For the identification of insects and other fauna and flora of South Africa: please click on the following links:
Insects and related species: Antlions - Ants - Bees - Beetles - Bugs - Butterflies, Moths and Caterpillars - Centipedes and Millipedes - Cockroaches - Crickets - Dragonflies and Damselflies - Grasshoppers and Katydids - Mantis - Stick Insects - Ticks and Mites - Wasps - Woodlice
Plants, Trees, Flowers: (Note: Unless plants fall into a specific species such as Cacti, they have been classified by their flower colour to make them easier to find) Bonsai - Cacti, Succulents, Aloes, Euplorbia - Ferns and Cycads - Flowers - Fungi, Lichen and Moss - Grass - Trees
Animals, Birds, Reptiles etc.: Animals, Birds, Fish and Crabs - Frogs - Lizards - Scorpions - Snails and Slugs - Snakes - Spiders - Tortoise, Turtles and Terrapins - Whipscorpions
Other photography: Aeroplanes - Cars and Bikes - Travel - Sunrise - Water drops/falls - Sudwala and Sterkfontein Caves etc.

Wednesday, March 6, 2013

Mother-in-law’s Tongue (Sansevieria trifasciata)

Family Asparagaceae 
Sansevieria trifasciata, also snake plant or mother-in-law's tongue, is a species of Sansevieria, native to tropical West Africa from Nigeria east to the Democratic Republic of the Congo.
It is an evergreen herbaceous perennial plant forming dense stands, spreading by way of its creeping rhizome, which is sometimes above ground, sometimes underground. Its stiff leaves grow vertically from a basal rosette. Mature leaves are dark green with light gray-green cross-banding and usually range between 70–90 cm (27–36 in) long and 5–6 cm (2–2.5 in) wide.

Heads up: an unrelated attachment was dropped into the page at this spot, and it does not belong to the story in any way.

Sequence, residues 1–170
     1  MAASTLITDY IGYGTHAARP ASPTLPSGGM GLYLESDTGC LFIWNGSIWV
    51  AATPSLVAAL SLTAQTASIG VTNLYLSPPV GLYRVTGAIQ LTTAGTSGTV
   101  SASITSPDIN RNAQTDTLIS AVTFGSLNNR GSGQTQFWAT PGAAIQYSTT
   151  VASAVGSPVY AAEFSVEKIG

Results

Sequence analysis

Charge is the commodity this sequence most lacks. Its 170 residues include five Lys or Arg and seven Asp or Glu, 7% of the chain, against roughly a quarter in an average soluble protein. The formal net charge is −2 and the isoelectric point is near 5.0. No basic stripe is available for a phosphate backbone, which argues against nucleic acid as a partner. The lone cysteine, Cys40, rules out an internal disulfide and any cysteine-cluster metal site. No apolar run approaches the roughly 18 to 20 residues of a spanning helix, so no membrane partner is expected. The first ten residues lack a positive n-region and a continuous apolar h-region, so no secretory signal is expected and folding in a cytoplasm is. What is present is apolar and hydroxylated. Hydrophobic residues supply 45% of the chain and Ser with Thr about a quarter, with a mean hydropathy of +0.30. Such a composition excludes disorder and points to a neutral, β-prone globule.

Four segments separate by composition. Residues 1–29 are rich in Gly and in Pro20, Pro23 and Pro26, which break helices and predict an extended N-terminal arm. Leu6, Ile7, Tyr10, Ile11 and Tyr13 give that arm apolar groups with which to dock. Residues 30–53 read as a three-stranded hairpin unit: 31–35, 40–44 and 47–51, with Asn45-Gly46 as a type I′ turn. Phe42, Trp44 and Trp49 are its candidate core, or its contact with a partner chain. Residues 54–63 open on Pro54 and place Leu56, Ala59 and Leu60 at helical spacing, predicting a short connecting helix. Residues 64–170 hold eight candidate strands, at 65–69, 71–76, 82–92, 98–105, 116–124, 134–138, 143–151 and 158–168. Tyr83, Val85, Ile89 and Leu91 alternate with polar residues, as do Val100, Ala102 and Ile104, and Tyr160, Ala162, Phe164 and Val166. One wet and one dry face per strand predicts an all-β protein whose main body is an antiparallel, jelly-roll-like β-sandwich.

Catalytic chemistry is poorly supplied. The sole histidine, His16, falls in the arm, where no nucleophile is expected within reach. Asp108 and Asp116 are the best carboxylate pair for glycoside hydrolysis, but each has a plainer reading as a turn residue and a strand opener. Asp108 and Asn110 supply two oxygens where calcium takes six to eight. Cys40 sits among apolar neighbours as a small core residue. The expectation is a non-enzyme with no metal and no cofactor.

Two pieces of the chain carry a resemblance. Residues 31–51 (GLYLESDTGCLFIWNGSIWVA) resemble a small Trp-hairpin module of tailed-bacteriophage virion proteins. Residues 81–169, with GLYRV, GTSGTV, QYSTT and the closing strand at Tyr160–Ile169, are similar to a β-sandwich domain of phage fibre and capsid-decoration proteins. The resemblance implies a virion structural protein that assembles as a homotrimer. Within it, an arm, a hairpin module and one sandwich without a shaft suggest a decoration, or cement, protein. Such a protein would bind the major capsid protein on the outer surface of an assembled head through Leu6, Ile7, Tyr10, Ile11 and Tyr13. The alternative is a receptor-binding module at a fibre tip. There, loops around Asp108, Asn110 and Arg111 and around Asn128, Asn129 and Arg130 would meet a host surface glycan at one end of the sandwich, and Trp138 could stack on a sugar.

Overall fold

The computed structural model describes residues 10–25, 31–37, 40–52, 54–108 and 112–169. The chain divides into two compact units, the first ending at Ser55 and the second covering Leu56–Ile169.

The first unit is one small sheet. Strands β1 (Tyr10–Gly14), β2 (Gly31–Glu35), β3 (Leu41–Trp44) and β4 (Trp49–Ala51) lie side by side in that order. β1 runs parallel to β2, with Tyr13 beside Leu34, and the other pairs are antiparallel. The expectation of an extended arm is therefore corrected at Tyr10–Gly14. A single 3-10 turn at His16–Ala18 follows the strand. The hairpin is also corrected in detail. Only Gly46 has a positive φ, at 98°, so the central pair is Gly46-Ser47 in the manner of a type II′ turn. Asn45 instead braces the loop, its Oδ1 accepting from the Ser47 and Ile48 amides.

It is commonly called the snake plant (not to be confused with the very similarly named "Snakeplant", Nassauvia serpens), because of the shape of its leaves, or mother-in-law's tongue because of their sharpness. In Africa, the plant is used as a protective charm against evil or bewitchment.
 Cultivation and uses
Like some other members of its genus, S. trifasciata yields bowstring hemp, a strong plant fiber once used to make bowstrings.
 It is now used predominantly as an ornamental plant, outdoors in warmer climates, and indoors as a houseplant in cooler climates. It is popular as a houseplant as it is tolerant of low light levels and irregular watering; during winter it needs only one watering every couple of months. It will rot easily if overwatered.[2] A study by NASA found that it is one of the best plants for improving indoor air quality by passively absorbing toxins such as nitrogen oxides and formaldehyde.


It can be propagated by cuttings or by dividing the rhizome. The first method has the disadvantage that the variegation is likely to be lost.

S. trifasciata is considered by some authorities as a potential weed in Australia, although widely used as an ornamental, in both the tropics outdoors in both pots and garden beds and as an indoor plant in temperate areas.
Information:
http://en.wikipedia.org/wiki/Sansevieria_trifasciata